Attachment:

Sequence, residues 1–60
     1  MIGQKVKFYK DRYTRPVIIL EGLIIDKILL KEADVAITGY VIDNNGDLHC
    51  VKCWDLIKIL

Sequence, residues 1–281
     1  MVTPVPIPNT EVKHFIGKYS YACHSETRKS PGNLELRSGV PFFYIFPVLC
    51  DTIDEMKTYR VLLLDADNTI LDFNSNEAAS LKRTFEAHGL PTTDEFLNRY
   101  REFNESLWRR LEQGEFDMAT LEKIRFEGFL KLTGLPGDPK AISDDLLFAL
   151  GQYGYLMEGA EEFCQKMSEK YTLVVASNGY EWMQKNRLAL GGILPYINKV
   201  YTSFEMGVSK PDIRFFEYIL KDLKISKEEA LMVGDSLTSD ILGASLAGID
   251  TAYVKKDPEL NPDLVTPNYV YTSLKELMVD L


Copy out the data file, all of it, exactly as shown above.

Sequence, residues 1–60
     1  MIGQKVKFYK DRYTRPVIIL EGLIIDKILL KEADVAITGY VIDNNGDLHC
    51  VKCWDLIKIL

Sequence, residues 1–281
     1  MVTPVPIPNT EVKHFIGKYS YACHSETRKS PGNLELRSGV PFFYIFPVLC
    51  DTIDEMKTYR VLLLDADNTI LDFNSNEAAS LKRTFEAHGL PTTDEFLNRY
   101  REFNESLWRR LEQGEFDMAT LEKIRFEGFL KLTGLPGDPK AISDDLLFAL
   151  GQYGYLMEGA EEFCQKMSEK YTLVVASNGY EWMQKNRLAL GGILPYINKV
   201  YTSFEMGVSK PDIRFFEYIL KDLKISKEEA LMVGDSLTSD ILGASLAGID
   251  TAYVKKDPEL NPDLVTPNYV YTSLKELMVD L